What might have been

For of all sad words of tongue or pen, the saddest are these: "It might have been"' -- John Greenleaf Whittier

This is how it ends.

With the sentencing of Michael Vick for 23 months, the other shoe has finally dropped. His release from prison is scheduled for October 2009, so it's safe to assume that the earliest Vick would return to the NFL is 2010. If Vick wanted to pursue that course, he'd be doing so not as an energetic, able-bodied youngster but as a 30-year-old who'd spent the previous three years away from the game and, presumably, nowhere close to peak physical condition. There's simply no way to recapture those lost years. His legs will be a step slower. His skills will have eroded. Even in the world of fantasy, there's no way to manufacture the memorable moments missed, the scrambles not seen, the plays not made.

Consider this: If you were to take just Vick's passing numbers from last year and put them up against the 2007 NFL quarterback corps, you'd be looking at a potential top-10 signal caller. And that's before you tacked on the rushing numbers, which would likely rank Vick in the top 20 ... of running backs. Simply put, Vick has the potential to be the most dominant fantasy football player in the world, and it seemed that he was just getting warmed up.

Think back to these performances and remember how exciting he was to watch.

In Week 13 of 2002 against the Minnesota Vikings, he completed 11 passes for 173 yards and a touchdown, and matched that output on the ground with 10 rushes for 173 yards and not one, but two touchdowns. The Falcons won, on the road, 30-24.

In Week 14 of 2003, in just his second game back after suffering a broken leg in the preseason, Vick rushed for 141 yards and a touchdown and led Atlanta to a 20-14 win over the Carolina Panthers.

The following year, he cemented his place in fantasy owners' hearts by having three 100-yard rushing games and throwing a total of five touchdown passes in those three games, all victories. Vick led his team all the way to the NFC championship game that season, throwing for two touchdowns and rushing for 119 yards in a 47-17 blowout of the Rams to take his team one step shy of the Super Bowl.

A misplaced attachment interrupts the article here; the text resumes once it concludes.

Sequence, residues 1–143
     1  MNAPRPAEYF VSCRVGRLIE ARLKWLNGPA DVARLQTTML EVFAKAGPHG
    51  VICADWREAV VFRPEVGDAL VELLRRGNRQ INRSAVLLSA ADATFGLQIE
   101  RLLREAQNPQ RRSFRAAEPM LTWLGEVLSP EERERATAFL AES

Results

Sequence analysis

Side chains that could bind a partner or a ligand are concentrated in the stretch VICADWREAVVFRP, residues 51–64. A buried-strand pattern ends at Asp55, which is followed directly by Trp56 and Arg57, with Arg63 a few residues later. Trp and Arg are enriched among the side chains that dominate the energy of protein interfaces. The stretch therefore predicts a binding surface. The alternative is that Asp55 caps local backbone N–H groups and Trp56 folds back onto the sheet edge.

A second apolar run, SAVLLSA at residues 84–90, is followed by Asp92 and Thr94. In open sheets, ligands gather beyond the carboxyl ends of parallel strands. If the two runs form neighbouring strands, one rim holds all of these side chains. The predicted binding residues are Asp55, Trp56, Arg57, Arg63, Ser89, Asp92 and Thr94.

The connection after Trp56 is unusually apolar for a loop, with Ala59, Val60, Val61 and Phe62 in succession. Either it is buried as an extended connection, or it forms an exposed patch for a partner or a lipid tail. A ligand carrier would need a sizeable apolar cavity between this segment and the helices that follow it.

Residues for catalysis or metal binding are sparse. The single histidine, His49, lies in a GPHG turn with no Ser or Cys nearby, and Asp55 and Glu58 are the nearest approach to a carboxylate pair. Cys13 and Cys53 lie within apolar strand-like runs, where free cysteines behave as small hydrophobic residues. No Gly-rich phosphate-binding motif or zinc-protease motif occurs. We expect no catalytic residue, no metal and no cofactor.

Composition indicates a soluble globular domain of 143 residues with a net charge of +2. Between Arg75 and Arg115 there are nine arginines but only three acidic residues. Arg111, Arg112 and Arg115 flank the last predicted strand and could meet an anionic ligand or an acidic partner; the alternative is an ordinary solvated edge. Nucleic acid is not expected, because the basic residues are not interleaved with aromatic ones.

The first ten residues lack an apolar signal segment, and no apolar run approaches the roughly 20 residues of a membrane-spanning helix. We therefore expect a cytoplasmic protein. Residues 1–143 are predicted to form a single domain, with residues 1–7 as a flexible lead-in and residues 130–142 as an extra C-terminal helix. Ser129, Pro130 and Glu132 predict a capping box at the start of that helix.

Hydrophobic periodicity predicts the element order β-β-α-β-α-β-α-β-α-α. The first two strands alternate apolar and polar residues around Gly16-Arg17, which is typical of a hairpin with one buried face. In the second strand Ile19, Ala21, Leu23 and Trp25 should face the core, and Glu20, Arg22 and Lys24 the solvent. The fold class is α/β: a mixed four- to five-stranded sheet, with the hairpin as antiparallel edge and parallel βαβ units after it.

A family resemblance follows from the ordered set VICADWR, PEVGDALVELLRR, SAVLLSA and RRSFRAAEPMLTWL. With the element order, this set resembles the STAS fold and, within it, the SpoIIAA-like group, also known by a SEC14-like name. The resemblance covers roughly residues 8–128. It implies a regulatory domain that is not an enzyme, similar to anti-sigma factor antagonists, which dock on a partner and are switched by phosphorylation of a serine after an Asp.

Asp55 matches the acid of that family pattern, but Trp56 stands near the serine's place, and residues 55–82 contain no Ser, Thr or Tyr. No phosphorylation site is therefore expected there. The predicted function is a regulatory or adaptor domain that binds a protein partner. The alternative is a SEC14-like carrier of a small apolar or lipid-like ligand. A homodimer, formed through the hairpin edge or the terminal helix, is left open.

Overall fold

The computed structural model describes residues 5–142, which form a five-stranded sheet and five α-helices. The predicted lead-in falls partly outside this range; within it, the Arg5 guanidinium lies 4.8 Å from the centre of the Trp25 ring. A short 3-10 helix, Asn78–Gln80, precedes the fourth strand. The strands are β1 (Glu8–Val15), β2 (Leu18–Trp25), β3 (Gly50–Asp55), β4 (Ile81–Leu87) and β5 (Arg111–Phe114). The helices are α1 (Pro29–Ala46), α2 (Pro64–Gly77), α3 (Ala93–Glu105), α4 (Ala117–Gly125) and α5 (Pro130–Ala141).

After a disappointing 2005, Vick turned the corner in a huge way in '06. He has another three 100-yard rushing games and became the first quarterback in NFL history to have 1,000 rushing yards in a single season. More importantly, he had two four-touchdown passing performances, proving he could do it in the air as well as on the ground.

At the quarterback position, Vick finished 2006 behind only Peyton Manning in most fantasy football scoring systems. The sky appeared to be the limit. With passer-friendly head coach Bobby Petrino taking over the reigns in Atlanta and backup Matt Schaub dealt away to Houston, the message was clear: Michael Vick was the man for the Atlanta Falcons, and he was the man for your fantasy football team as well. And then, in a flash, it was all gone.

The shame of it all is that this situation was as easy for Vick to avoid as it was impossible for defenses to stop him when he came to play. Now, on Monday Night Football, instead of legions of fantasy owners holding their collective breath on every snap, their playoff outcomes hanging in the balance, we are left to watch reporters talking on courtroom steps, as the man who could have been the most dominant force in fantasy football fades into the background.

What might have been ... a fantasy. What it is ... a shame.

A.J. Mass is a fantasy football, baseball and college basketball analyst for ESPN.com. You can e-mail him here.